20 January 2008

My mother taught me to sew

I supposed she tried to teach me to pace myself too because you need to when you sew. You can’t complete a complex project in one night, she told me, and if you try, it will come out looking terrible.
I proved her right, of course, when she enrolled me in a sewing class at the Singer Sewing Machine Shop in Burbank.
I think I was about 10 years old.
Burbank wasn’t a pretty town back then. I always got the joke when Johnny Carson would smile into the camera, you know his sly smile, and tell the audience that The Tonight Show was being broadcasted from “beautiful downtown Burbank.”
Anyway this class Mom took me to was in one of those open malls where most the shops were closed down with people were sleeping in the doorways. Everything had a smoggy cement color cast upon it.
The sewing shop had a backroom with rows and rows of machines set up for use, and I sat down with my pink sewing box at one of them.
Right off the bat, two girls about my age began to pick on me. They teased me something awful, and I didn’t want to go back.
But Mom made me.
“Just ignore them,” she said.
Each student was to make a complete outfit like a dress or a pantsuit and compete in a contest like a runway model dressed in their creations.
Oh great, I thought. It was going to be hard enough just to make something and now I’d had to parade around in it and be judged inside and out.
I’ve never really understood this concept of competition when you’re a child. Let’s face it. Contests are fun only if you win, especially when you put your expertise, such as it is, on the line.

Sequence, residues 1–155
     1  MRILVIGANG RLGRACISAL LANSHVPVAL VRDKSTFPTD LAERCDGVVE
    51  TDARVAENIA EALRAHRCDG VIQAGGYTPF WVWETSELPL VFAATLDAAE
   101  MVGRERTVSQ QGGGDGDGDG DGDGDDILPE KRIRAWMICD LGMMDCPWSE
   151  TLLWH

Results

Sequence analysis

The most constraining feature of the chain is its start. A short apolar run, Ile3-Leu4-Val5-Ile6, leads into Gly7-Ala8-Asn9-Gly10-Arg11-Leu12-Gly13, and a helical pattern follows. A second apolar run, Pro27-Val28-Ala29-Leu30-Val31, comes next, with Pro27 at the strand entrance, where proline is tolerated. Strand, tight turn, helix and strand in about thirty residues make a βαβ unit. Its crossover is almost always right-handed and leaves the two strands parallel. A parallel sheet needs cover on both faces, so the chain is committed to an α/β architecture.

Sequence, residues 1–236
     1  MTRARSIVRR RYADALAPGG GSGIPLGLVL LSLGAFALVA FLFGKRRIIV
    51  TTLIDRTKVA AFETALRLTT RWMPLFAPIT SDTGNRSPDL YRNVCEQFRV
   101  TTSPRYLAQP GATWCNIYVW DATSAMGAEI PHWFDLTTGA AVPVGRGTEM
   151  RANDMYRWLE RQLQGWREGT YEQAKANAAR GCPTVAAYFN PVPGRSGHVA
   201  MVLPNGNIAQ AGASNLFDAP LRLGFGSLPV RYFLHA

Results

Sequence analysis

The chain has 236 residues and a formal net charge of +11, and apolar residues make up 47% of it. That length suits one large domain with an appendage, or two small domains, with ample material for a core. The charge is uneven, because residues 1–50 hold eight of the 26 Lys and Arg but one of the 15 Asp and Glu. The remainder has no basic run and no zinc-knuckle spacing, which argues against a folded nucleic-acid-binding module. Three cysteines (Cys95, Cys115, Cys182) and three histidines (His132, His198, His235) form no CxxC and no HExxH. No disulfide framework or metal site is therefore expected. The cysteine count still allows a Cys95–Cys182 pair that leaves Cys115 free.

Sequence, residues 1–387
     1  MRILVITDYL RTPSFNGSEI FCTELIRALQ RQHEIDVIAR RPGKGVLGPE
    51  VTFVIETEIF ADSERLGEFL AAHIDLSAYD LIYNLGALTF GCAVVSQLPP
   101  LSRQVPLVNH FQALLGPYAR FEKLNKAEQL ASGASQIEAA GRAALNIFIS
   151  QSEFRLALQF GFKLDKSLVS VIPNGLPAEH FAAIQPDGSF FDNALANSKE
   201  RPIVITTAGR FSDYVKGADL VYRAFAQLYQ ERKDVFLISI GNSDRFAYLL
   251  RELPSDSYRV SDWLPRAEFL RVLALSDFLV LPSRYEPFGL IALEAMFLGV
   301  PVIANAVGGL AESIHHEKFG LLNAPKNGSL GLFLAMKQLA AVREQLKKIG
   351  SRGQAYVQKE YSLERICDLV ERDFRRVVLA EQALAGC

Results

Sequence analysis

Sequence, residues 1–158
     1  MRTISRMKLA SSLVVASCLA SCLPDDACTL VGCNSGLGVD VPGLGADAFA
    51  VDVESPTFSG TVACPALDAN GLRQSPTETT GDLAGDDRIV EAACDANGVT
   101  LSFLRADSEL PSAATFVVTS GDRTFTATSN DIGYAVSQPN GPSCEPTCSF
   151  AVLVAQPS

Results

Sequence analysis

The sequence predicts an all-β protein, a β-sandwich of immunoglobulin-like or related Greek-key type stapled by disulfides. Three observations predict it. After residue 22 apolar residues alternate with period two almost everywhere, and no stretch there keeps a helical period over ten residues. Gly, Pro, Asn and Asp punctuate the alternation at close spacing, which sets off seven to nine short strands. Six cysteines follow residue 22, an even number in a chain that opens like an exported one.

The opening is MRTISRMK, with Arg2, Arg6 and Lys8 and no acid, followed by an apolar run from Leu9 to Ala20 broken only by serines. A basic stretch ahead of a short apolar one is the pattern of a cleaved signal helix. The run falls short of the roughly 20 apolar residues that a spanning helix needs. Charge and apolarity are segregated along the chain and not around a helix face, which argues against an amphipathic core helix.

I suppose the “everybody’s a winner” that children deal with today is no better.
Well, I decided to make a teal dress with wide lapels and bell shelves and a crocheted vest. It was very mod, very early 70s.
The dress was coming along fine except for the back zipper. Zippers are tough. I waited till the last night before the contest, and in a moment of frustration asked my mother to help me.
“Oh no,” she said. “You have to do your own work.”
So I did, staying up late to finish it, and it wasn’t pretty. It worked though, and I participated in the fashion show.
The two girls who teased me didn’t finish their outfits. They sat in the very back of the audience with grim looks on their faces next to their mother who had a grim look too.
So I guess I learned that hard lesson on how to pace myself when I was a little girl.
Now I do it so well that I can put down a project and not come back to it for years.

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Thanks for sharing!